Occupational Therapists


Employment Prospects


There are approximately 133,000 occupational therapists at work in hospitals, schools, nursing homes, home health agencies, mental health centers, adult day care programs, outpatient clinics, and residential care facilities. The profession has seen a growing number of therapists becoming self-employed, in either solo or group practice or in consulting firms.

Starting Out

Your school's career services office is usually the best place to start your job search as a newly graduated occupational therapist. You may also apply directly to government agencies (such as the U.S. Public Health Service), private hospitals, and clinics. In addition, the American Occupational Therapy Association can provide job seekers with assistance through its employment bulletins.

Advancement Prospects

Newly graduated occupational therapists usually begin as staff therapists and may qualify as senior therapists after several years on the job. The U.S. Army, Navy, Air Force, and the U.S. Public Health Service commission occupational therapists; other branches of the federal service give civil service ratings. Experienced therapists may become directors of occupational therapy programs in large hospitals, clinics, or workshops, or they may become teachers. Some positions are available as program coordinators and as consultants with large institutions and agencies.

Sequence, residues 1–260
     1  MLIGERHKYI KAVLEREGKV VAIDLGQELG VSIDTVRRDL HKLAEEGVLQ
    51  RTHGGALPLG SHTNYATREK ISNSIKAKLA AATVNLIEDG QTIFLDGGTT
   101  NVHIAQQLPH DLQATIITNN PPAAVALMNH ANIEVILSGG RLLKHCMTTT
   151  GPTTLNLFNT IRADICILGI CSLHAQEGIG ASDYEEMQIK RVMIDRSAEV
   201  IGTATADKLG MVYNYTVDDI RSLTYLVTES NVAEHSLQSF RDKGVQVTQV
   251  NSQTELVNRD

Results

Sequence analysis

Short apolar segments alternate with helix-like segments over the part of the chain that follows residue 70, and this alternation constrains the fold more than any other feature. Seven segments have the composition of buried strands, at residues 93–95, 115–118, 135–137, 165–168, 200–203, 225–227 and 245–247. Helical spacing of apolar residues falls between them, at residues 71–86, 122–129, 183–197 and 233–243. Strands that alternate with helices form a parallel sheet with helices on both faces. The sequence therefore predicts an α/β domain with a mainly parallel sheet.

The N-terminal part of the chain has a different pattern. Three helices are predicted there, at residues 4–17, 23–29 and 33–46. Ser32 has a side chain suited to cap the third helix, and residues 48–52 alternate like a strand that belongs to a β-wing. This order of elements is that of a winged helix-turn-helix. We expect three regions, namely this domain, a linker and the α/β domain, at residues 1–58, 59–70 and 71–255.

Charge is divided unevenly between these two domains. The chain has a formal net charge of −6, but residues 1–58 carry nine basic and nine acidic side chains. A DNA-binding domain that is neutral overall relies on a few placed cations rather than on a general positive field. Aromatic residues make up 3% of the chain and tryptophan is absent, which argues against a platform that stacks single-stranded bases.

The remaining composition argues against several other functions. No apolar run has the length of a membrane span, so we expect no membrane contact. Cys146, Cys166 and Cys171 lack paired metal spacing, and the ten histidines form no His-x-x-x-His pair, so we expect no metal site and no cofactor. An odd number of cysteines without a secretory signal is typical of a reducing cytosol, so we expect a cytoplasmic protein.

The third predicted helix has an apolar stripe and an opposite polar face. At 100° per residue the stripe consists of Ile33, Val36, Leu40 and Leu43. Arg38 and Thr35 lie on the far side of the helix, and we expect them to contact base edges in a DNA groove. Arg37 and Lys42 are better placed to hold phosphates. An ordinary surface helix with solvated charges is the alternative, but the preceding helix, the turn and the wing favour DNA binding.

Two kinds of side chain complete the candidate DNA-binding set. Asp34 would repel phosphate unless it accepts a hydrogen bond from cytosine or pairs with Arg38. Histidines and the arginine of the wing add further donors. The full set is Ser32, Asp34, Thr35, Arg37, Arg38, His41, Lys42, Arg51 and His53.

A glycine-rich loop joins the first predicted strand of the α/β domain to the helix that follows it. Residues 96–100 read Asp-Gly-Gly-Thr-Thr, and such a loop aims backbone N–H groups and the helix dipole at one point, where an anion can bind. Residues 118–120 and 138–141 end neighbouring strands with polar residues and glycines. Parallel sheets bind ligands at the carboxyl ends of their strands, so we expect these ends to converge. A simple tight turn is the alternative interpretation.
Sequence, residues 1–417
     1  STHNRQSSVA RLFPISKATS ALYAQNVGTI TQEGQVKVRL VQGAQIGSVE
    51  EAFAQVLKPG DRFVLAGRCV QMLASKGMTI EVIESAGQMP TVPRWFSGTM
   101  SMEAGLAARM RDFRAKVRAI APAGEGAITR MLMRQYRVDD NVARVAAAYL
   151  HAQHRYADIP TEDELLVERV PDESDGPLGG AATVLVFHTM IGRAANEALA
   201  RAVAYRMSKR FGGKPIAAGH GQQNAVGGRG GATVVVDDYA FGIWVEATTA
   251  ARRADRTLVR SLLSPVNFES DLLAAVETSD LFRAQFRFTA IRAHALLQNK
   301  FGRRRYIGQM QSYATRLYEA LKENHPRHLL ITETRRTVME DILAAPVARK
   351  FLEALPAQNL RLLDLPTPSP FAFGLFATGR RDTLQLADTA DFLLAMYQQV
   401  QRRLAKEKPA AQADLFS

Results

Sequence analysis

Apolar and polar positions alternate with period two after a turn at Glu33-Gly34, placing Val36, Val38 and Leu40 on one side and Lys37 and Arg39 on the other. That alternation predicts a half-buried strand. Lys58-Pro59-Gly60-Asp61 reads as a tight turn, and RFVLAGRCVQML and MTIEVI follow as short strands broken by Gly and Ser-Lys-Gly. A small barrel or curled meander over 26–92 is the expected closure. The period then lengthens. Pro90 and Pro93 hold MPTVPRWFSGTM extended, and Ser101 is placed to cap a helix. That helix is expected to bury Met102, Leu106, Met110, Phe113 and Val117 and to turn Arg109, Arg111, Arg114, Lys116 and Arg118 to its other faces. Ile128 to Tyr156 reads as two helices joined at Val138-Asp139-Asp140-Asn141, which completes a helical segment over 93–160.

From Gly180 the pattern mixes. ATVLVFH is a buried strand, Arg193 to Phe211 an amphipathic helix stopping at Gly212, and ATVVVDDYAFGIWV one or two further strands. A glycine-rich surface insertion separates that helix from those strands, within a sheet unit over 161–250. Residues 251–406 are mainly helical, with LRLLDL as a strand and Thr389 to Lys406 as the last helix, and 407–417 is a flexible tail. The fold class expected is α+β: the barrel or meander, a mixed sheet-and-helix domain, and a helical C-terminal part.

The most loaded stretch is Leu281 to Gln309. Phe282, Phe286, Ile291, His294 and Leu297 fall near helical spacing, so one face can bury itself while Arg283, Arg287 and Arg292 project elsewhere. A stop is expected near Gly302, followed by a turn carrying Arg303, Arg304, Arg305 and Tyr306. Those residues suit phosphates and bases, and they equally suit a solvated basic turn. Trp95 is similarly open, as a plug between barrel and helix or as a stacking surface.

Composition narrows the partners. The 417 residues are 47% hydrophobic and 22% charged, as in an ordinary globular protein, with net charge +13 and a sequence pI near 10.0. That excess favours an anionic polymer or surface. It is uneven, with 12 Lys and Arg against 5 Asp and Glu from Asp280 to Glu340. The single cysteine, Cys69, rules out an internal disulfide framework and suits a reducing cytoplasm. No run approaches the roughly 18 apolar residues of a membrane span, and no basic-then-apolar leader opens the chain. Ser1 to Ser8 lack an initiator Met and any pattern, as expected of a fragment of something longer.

A few colleges and health agencies offer advanced courses in the treatment of special disabilities, such as those resulting from cerebral palsy. Some institutions provide in-service programs for therapists.

Tips for Entry

Arrange to visit and observe an OT at their workplace to get an idea of which skills and abilities are needed on the job.

If possible, volunteer to help an OT or OTA to learn firsthand what the job entails.

In high school and college, get a broad education that includes biology and the behavioral sciences, as well as English, art, and other subjects that encourage personal expression.